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What is Neutral?

What is Neutral?

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What is Neutral?

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  1. What is Neutral? Neutral Changes and Resiliency Terence Soule Department of Computer Science University of Idaho

  2. The experiments • Gene/exon selection • Introns and exon selection • Effects of operators

  3. + + 1.0 0.5 1.0 Experiment 1 • Tree based, generational GP • Functions {+} • Terminals/Genes {0.5, 1.0} • Fitness: difference from 10 Both terminals are exons. Is one selected?

  4. Gene/Exon Choice

  5. Average Fitness Average fitness improves – after crossover.

  6. Resiliency • A measure of expected fitness change as a function of genotype change. • Resilient individuals are less likely to change fitness or have a smaller average fitness change in response to genotype changes (crossover and mutation). • Similar to the idea of effective fitness, but more general.

  7. Experiment 2 • Tree based, generational GP • Functions {+} • Terminals/Genes {0, 1, 4} • Fitness: difference from 40 Now there are two exons and an intron. What is selected?

  8. 180 160 140 120 100 0s Number of 80 1s 60 4s 40 20 0 0 500 1000 1500 2000 Generation Number of Genes

  9. 1 0 -1 -2 -3 Fitness Change -4 Mutation -5 Crossover -6 0 250 500 750 Resiliency

  10. Ratio of 1s to 4s

  11. Results – Experiment 2 • Changes don’t affect current fitness – Are they Neutral? • Changes affect expected fitness of the next generation – increase (average) resiliency

  12. Experiment 3 • Variable length, linear encoding, generational • Genes {0, 1, 4} • Sample individual: 010041014 • Fitness: difference of sum of genes from 54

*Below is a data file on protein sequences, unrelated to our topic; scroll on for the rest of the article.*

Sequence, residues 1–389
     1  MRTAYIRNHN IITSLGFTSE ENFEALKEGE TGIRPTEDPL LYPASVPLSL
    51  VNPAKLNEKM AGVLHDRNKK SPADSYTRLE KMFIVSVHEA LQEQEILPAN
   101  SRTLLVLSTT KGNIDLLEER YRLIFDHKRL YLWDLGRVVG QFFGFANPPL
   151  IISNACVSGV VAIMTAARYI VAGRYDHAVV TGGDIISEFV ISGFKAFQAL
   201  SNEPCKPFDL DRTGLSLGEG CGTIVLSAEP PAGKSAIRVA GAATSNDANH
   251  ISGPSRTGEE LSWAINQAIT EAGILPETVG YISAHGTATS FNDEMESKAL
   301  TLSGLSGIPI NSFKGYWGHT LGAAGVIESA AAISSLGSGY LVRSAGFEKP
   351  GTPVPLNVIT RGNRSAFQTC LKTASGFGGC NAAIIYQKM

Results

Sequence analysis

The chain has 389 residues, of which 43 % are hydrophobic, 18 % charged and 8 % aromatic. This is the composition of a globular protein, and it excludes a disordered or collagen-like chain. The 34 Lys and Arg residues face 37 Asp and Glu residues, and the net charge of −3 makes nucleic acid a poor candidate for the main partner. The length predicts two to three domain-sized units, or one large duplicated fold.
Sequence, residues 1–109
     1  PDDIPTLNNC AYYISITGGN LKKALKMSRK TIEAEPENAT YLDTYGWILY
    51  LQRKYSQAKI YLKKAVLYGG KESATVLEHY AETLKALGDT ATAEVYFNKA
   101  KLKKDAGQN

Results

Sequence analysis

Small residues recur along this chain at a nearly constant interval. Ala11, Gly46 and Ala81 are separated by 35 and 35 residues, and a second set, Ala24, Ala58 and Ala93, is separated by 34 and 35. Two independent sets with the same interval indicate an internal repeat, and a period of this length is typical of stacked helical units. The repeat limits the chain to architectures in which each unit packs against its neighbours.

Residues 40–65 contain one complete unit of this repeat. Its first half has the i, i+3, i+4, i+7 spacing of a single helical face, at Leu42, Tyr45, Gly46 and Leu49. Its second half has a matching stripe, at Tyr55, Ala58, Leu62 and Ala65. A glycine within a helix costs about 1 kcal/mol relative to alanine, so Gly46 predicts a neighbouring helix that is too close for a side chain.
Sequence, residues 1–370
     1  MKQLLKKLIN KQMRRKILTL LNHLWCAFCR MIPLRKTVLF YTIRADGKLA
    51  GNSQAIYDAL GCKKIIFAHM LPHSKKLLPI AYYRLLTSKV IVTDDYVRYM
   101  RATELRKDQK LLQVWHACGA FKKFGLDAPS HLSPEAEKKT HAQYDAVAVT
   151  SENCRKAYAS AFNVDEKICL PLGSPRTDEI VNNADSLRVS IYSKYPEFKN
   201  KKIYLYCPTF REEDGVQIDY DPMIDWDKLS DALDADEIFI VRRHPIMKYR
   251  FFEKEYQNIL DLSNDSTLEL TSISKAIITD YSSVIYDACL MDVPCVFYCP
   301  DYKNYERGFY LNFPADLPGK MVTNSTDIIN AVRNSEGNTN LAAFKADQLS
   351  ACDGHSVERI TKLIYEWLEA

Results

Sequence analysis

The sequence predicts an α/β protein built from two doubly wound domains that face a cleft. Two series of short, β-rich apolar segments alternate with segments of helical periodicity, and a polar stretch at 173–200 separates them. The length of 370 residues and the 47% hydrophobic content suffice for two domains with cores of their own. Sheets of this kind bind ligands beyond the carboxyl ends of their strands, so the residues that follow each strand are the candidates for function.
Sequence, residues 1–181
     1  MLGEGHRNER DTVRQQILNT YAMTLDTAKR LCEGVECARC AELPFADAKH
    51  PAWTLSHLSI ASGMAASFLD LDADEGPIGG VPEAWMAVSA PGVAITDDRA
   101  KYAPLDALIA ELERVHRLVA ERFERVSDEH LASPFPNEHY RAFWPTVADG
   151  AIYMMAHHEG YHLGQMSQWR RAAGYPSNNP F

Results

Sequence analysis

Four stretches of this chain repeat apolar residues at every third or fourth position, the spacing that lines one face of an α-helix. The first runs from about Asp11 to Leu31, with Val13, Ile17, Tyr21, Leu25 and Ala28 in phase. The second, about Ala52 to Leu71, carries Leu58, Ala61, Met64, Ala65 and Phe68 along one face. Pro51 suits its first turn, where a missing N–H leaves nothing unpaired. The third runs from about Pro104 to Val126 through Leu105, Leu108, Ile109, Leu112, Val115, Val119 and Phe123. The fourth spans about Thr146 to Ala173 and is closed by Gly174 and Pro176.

13. 00 01011 04 440 104 0401 00 104 04 440 01011 0401 Experiment 3 - Crossover • Proportional crossover – select two random points per parent. • Constant crossover – length of crossed region is: 2 50% of the time 4 25% of the time 8 12.5% of the time …

  14. Genes – Constant Crossover

  15. Genes – Proportional Crossover

  16. Mutation – Constant Crossover • Probability P of changing a gene to another value: 1 to 0, etc. • More genes (including 0s) greater chance of mutations.

  17. Growth – constant crossover

  18. Conclusions • Many ‘neutral’ changes can be explained in terms of resiliency • 1.0  two 0.5s (selecting exons) • 4s  four 1s and four 1s  one 4s • Increasing 0s (increasing introns) • Operator choice significantly affects these changes • Proportional versus constant crossover • Mutations • Per node versus per individual rates are significant.

  19. Discussion • Types of changes • 1st order – affect fitness • 2nd order – affect expected fitness of offspring (resiliency) • 3rd order? - affect expected fitness of Nth generation? Affect ability to respond to ‘environmental’ changes? • Any consistent pattern of change has an evolutionary explanation(?) • It’s possible to predict some changes by using the idea of resiliency. • Do these changes affect search?

  20. Thank YouQuestions?

  21. Bibliography • “Exons and Code Growth in GP” Genetic Programming 5th European Conference, EuroGP-2002, Springer LNCS2278, 2002 . • “Solution Stability in Evolutionary Computation” Proceedings of the 17th International Symposium on Computer and Information Sciences, CRC Press, 2002. • “Operator Choice and the Evolution of Robust Solutions” Genetic Programming Theory and Practice, Kluwer, 2003.